A blockchain is essentially a “distributed ledger” showing all the members of a particular network every transaction that was verified on it. The transactions are collected in blocks, which are then secured approximately every 10 minutes in a mathematical process called “mining”, and must be verified by other members in the network before they are confirmed. The ledger is essentially riskless as there is no central authority and there is no way a malicious third party can tamper with the records. 

Vavilov says Bitfury and the Ukrainian government are looking at a number of areas where the technology can be implemented that include state registers, public services, social security, public health and energy. 

If it goes ahead then this will be the second deal Vavilov has struck in the Former Soviet Union (FSU). Last year he cut a similar deal in Georgia to register land titles in blockchain land titling project

With BitFury’s help, Georgia’s National Agency of Public Registry has recently moved its land registry onto the blockchain. Some 160,000 registrations have already been processed. Thea Tsulukiani, the country’s minister of justice, believes that the blockchain will mean Georgian citizens can “sleep quietly” when it comes to property rights. 

And the tiny republic of Georgia is already a giant on the global bitcoin mining scene. In the hills overlooking the Georgian capital Tbilisi is a nondescript building that houses rows of servers quietly humming away. Bitfury located its massive processing farm in Georgia where it mines for bitcoins and has a whopping 6% of global mining capacity. China is the world’s leader with 60% of global mining capacity followed by the US and Canada (16%), Georgia (6%), Europe (5%), Iceland (3%) and Russia (2%). 

Overall, the FSU has embraced the world of high technology and in many examples leapfrogged developed markets by going straight to state-of-the-art technology. For example, Russia is already the world’s third most active user of fintech — technology related to providing financial services — according to consulting firm EY. Using a smartphone to make bank transfers and SMS alerts when you make a withdrawal from cash machine have become part of daily life in Russia.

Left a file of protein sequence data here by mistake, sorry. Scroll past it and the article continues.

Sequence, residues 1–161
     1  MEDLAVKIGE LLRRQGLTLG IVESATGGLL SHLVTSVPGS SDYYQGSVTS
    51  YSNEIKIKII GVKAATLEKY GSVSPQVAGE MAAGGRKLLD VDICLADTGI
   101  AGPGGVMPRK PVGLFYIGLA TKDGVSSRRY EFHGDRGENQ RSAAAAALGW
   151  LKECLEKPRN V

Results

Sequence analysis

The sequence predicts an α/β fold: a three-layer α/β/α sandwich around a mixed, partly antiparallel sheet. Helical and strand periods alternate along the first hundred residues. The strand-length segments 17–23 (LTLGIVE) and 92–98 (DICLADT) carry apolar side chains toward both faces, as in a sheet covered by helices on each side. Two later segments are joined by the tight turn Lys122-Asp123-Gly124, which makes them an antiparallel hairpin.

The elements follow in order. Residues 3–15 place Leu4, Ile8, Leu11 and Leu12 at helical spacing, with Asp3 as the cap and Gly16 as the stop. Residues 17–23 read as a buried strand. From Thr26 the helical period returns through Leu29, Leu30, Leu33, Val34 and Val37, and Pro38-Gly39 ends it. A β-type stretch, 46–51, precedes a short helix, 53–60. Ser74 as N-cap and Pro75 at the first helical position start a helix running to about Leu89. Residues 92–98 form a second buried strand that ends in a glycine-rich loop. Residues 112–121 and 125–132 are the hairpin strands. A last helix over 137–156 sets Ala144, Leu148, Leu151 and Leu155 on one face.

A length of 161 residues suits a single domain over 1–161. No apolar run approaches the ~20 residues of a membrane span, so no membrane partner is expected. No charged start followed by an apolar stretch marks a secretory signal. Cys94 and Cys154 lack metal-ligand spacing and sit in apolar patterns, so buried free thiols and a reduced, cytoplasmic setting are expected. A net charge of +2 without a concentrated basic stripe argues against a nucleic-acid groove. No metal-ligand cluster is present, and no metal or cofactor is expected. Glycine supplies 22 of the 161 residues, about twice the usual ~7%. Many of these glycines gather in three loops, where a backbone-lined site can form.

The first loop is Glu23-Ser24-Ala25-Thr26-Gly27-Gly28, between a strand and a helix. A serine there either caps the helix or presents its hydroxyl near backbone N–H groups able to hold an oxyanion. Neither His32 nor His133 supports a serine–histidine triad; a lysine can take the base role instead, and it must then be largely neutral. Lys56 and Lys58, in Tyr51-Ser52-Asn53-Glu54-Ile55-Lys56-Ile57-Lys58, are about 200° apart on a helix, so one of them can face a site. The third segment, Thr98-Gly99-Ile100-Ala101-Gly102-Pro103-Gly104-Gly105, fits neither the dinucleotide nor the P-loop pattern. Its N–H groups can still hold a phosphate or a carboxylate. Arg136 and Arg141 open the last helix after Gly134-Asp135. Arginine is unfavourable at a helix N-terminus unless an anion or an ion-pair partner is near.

Vavilov, who was born in Latvia, compares what the former Soviet states are doing with blockchain to what many countries in emerging countries did in telecommunications. “By being among the first governments to embrace and implement this technology, countries like Ukraine and Georgia are positioning themselves to leapfrog other advanced nations,” he says. 

Kazakhstan is the latest comer to the party. Blockchain fits in perfectly with its extensive plans to revamp its securities market that were launched recently. The National Bank of Kazakhstan (NBK) plans to sell its short-term bonds to retail investors using a mobile application based on blockchain technology, the bank said in September. 

Investors will be able to buy notes with a face value of KZT100 (about $0.30) directly with no commission and no brokers involved on a system that is supposed to launch before the end of this year. The bonds have maturities ranging from one week to one year, which are usually bought by banks and funds, and can raise up to $700mn with each issue that bears a yield of 9.9%.

Along with the other FSU countries Kazakhstan is also competing to offer “the most favourable business climate” for cryptocurrency and fintech companies, according to the country’s new flagship financial reforms entity, the Astana International Financial Centre (AIFC).